“And where did the ape come from? The one man originated from?
“From another ape, you know, a lower order of ape.”
“And where did that one come from?”
I’d thus lead Papa all the way down to the amoeba, making him resort to the rhetorical fallacy of telling me I’d find out all those things for myself when I grew up. He was right about that, but the answer to my ultimate next question was provided by neither Dawkins nor Darwin.
The art of asking the next question also comes in handy when dealing with matters transient, not just transcendent. Take politics, for example.
The interrogative chain reaction can be set off by an observable empirical fact, a technique first recommended by Aristotle. The fact in this case is that most of our leaders aren’t qualified to lead.
Yet we dutifully go to the voting booths every few years, hoping that this time things will change. Thereby we walk chin first into the uppercut of Einstein’s terse adage: “The definition of insanity is doing the same thing over and over again and expecting a different result.”
We aren’t insane, Einstein was too harsh there. We simply haven’t been trained in the art of asking the next question. Our minds are so lazy that we accept as axiomatic certain propositions that are so open to questions that the draught of folly blows through unimpeded.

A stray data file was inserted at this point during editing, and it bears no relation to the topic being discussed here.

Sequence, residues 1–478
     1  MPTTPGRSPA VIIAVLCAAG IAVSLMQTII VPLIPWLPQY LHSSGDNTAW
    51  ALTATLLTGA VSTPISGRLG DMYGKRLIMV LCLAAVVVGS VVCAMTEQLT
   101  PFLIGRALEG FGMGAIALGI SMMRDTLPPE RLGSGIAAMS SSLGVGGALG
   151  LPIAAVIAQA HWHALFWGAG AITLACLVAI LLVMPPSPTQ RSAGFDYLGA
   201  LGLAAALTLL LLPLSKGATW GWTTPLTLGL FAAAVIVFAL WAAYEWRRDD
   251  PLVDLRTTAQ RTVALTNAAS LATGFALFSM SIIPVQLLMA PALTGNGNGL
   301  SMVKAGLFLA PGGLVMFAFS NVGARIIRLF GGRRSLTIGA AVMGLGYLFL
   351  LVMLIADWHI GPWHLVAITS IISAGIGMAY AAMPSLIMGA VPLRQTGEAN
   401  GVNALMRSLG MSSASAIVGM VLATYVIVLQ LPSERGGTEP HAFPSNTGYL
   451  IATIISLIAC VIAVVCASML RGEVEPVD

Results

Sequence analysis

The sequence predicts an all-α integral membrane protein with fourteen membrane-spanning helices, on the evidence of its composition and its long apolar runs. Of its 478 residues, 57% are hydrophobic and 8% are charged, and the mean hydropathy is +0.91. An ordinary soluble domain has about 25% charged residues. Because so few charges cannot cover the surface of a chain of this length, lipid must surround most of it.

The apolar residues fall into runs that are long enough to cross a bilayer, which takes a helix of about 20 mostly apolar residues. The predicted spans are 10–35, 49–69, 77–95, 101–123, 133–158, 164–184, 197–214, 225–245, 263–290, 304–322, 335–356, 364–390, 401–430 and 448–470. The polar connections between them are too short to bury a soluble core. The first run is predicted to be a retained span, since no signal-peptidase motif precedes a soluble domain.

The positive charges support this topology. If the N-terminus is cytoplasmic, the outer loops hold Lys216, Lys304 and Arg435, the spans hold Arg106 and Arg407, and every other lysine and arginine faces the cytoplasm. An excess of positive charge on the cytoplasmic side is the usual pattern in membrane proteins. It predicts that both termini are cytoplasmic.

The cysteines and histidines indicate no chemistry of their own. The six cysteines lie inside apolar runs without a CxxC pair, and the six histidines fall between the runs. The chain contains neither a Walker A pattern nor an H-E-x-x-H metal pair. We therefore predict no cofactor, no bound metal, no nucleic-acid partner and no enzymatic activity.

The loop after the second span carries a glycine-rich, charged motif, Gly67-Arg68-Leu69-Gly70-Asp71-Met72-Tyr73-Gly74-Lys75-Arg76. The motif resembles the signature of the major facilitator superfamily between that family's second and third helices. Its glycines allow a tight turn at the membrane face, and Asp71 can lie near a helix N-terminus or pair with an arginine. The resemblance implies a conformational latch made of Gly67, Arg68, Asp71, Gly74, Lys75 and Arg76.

In the case of politics, the questions are as obvious as they are uncomfortable:
- Are all modern governments becoming more centralised? Yes.
- Isn’t it true that, the more centralised the government, the more important are the personalities of those at the centre? Yes.
- If those personalities are consistently inadequate, doesn’t that defeat the purpose? Yes.
- So how do we consistently end up with inadequate personalities in government? We elect them.
- What does ‘we’ mean? Whoever is qualified to vote.
- And who is so qualified? Anyone aged 18 or older, except prisoners serving sentences of over 12 months.
- About 80 per cent of the population then? Yes.
- Including those who don’t know the first thing about government and understand even less? Yes.
- Are such people in the majority? Yes, an overwhelming one.
- So on what basis do they select their leaders? Usually on the basis of promises the aspiring leaders have no way, nor indeed intention, of keeping.